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Florida could require school bus drivers to know CPR

Terissa Gautney's parents have pushed for several safety improvements since she died in March 2018.

LAKELAND, Fla. — The Florida Department of Education on Wednesday is set to discuss an amendment that would require school bus drivers to receive CPR and first aid training.

If the amendment passes, Florida school bus drivers and attendants would undergo the training.

It would be part of the required 40 hours of preservice training, and it would count towards the required annual eight hours of in-service training.

In March 2018, Terissa Gautney died after she started having trouble breathing on the way to school. Video from inside the bus showed nearly 20 minutes passed from when the problem started until an ambulance got there.

David Gautney and Denise Williams shared their daughter's story with the board Wednesday morning. The 14-year-old had special needs requiring her to use a special wheelchair and headrest. The chair became unsecure causing her head to tilt in a way that closed her airway.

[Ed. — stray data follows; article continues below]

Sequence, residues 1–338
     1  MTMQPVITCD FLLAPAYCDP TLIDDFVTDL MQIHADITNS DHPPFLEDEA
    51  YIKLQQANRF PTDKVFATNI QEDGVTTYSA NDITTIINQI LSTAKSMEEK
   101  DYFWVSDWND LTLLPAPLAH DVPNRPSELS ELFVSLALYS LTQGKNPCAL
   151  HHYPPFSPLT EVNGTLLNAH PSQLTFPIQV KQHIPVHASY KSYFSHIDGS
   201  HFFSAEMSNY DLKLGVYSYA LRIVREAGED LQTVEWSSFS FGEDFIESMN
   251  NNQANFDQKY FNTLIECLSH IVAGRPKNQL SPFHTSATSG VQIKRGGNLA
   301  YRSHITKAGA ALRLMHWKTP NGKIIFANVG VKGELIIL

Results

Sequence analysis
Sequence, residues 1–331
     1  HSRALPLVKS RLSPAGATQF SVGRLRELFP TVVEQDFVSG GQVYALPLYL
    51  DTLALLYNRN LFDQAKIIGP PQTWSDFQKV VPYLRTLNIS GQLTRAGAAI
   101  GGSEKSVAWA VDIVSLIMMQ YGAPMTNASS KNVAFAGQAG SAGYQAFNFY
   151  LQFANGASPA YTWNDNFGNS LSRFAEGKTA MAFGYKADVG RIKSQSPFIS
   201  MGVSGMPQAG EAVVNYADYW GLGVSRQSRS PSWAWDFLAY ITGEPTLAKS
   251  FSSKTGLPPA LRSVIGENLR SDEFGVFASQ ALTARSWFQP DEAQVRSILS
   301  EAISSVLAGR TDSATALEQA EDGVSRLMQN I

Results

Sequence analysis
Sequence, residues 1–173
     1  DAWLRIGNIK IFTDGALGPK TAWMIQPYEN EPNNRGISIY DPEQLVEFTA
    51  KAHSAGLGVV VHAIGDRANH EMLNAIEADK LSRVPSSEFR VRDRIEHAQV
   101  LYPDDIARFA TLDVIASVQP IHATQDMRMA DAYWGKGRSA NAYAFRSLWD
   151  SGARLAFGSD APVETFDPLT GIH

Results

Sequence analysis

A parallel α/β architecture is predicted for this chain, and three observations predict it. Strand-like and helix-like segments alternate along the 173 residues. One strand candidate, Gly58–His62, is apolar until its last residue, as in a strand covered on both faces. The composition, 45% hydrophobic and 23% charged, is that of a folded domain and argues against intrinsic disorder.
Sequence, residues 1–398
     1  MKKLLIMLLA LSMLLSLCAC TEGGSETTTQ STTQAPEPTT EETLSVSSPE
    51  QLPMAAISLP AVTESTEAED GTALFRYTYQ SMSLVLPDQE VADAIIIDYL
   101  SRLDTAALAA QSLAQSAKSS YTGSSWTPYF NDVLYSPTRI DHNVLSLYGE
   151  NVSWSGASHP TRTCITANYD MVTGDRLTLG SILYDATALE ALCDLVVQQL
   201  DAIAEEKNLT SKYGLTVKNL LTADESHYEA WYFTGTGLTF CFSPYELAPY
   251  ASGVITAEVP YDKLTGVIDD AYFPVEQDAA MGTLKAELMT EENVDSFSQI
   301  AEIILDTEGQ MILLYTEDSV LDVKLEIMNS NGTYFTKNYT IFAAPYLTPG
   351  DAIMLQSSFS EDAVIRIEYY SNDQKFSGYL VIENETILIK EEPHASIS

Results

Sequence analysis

“If only they had taken her out of her chair and laid her down and started CPR, we would have gained that time frame for the EMS to get there,” explained Gautney.

Terissa's parents say CPR training is only the first step. They also want to see radios installed in school buses across the state so drivers can reach a 911 dispatcher directly. In their daughter's case, it took nearly 20 minutes before an ambulance got there. Part of the problem was the driver was contacting transportation dispatchers instead of 9-1-1. Polk County has already installed new radios in their buses in time for this school year.

Gautney’s parents have pushed to improve safety on Polk County school buses by attending nearly every school board meeting since their daughter died.

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